The Billie Holiday Theatre at RestorationArt in Bedford-Stuyvesant is back and opened its season with a powerful production of John Henry Redwood’s “The Old Settler.”
The word is out for the nominees of the 45th annual Vivian Robinson AUDELCO Awards, which recognize excellence in Black theater.
“Prince of Broadway,” playing at the Samuel J. Friedman Theatre, is a love letter to Hal Prince and his magnificent Broadway career.
I always get excited when I hear that Harlem Repertory Theatre is doing a production. I don’t think I’ve ever seen a production there that wasn’t poignant and moving. They are currently presenting Lorraine Hansberry’s “A Raisin in the Sun,” at 240 E. 123rd St. at Second Avenue.
“Port Chicago 50” played at the National Black Theatre at 125th Street and 5th Avenue and told the story of the 200 Black sailors who died in explosions on naval ships on a July evening in 1944.
During WWII, 200 Black sailors were killed in explosions that were the fault of the U.S. government. This incident is the focus of “Port Chicago 50,” a play opening Thursday, Aug. 17 at the National Black Theatre at 2031 Fifth Avenue.
Have you ever seen a play that delivered a powerful, poignant, profound message?
The National Black Theatre Festival in Winston-Salem, N.C., is happening right now. It started July 31 and will run through August 5.
“Bella: An American Tall Tale” had a recent world premiere run at Playwrights Horizons.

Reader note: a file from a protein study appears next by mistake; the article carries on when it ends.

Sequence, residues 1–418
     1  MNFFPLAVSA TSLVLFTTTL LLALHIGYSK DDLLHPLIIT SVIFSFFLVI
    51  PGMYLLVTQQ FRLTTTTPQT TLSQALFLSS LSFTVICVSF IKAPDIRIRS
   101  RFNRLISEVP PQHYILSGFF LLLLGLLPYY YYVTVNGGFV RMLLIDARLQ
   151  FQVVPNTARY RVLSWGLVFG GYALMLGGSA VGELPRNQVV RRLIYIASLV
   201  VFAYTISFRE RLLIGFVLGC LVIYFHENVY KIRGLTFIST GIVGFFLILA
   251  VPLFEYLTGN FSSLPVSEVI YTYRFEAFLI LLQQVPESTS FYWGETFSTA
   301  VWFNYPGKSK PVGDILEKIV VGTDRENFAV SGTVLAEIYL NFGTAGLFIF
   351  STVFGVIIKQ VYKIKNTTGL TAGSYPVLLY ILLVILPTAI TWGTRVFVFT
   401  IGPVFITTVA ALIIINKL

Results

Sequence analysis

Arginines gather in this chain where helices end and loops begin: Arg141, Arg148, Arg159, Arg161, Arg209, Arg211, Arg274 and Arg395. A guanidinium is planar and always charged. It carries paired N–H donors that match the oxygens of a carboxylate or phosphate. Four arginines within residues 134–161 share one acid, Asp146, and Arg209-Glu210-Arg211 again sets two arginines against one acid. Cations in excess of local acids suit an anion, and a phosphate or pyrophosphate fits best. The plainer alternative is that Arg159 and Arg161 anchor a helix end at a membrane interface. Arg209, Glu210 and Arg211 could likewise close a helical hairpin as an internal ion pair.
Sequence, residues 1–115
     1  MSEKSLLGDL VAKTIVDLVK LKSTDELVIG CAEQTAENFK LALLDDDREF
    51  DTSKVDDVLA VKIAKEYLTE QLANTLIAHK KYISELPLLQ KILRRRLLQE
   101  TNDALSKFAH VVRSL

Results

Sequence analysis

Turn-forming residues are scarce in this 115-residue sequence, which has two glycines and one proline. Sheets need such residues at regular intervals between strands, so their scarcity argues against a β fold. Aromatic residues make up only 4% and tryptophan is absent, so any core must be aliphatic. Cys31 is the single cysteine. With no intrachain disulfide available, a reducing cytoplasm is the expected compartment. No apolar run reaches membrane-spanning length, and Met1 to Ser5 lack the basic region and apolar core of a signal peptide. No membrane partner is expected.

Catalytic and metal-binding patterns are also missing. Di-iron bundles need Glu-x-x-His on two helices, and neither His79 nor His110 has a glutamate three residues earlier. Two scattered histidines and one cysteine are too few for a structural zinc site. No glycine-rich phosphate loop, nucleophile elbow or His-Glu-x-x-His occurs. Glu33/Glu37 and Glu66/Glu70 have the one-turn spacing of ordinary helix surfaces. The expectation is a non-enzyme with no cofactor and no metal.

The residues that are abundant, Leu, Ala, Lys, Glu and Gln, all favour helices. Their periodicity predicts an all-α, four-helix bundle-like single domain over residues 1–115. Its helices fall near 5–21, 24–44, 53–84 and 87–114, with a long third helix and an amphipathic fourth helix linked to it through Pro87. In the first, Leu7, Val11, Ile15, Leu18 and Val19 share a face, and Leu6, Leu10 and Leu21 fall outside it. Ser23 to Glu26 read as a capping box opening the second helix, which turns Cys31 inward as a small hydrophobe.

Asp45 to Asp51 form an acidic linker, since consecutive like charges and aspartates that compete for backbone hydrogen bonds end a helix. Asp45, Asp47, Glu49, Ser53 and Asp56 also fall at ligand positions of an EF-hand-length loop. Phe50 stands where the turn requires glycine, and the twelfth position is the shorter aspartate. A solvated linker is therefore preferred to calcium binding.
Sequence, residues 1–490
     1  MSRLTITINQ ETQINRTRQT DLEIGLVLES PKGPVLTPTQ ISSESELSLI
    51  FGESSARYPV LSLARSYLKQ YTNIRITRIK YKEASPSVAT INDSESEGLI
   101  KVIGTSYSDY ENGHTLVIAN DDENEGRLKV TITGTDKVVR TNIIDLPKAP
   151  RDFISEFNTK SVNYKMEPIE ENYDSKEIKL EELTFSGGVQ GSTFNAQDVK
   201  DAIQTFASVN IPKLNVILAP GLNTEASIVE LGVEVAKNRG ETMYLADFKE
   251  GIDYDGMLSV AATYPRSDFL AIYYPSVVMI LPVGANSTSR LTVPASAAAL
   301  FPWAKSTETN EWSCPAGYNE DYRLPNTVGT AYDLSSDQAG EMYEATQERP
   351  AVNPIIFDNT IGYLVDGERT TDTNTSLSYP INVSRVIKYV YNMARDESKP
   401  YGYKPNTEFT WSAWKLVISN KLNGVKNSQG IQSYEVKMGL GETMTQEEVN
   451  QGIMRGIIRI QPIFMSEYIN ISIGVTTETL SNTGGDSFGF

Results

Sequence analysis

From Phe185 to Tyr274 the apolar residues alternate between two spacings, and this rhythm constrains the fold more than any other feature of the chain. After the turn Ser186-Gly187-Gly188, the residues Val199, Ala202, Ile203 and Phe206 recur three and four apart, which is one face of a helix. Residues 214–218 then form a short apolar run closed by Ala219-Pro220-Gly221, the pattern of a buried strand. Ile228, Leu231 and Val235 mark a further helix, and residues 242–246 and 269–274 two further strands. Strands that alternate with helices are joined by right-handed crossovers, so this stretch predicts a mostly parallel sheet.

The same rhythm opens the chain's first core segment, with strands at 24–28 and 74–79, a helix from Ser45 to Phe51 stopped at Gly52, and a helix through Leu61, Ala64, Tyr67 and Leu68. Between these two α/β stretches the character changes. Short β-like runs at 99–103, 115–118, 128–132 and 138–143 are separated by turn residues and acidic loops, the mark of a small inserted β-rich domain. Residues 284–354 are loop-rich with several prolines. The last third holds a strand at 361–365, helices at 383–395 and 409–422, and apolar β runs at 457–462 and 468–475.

Are you concerned about the future of this country? Do you wonder how we got to where we are with our new inexperienced president? Do you wonder how a man with countless character flaws got into the White House and is still there? The hilarious answers to these and many other questions are waiting for you at The Triad Theater
James Earl Jones was honored with the Lifetime Achievement Award at the 71st annual Tony Awards Sunday, June 11.
I recently had the opportunity to interview Tony-nominated Michelle Wilson for her role as Cynthia in Pulitzer Prize-winning playwright Lynn Nottage’s “Sweat,” playing at Studio 54 on West 54th Street.
“Sweat,” Lynn Nottage’s latest work, is an intensely written and flawlessly performed drama. It will make you laugh and cry as it tells a real story of real people’s lives.
It’s so nice to have “Hello Dolly” back where it belongs—on Broadway! This classic musical revival is playing at the Shubert Theatre on 44th Street and stars the marvelous Bette Midler as Dolly Levi.
James Earl Jones will be honored at the 71st annual Tony Awards Sunday, June 11, at a live presentation at Radio City Music Hall. At the age of 86, Jones will receive a well-deserved Special Tony Award for Lifetime Achievement in the Theatre.
I’ve told everyone that “Paramour” is a must-see because it is so original and creative, combining circus acrobatics with romance and a star-is-born storyline.
“A Bronx Tale” is a new musical on Broadway, based on the play by Chaz Palminteri.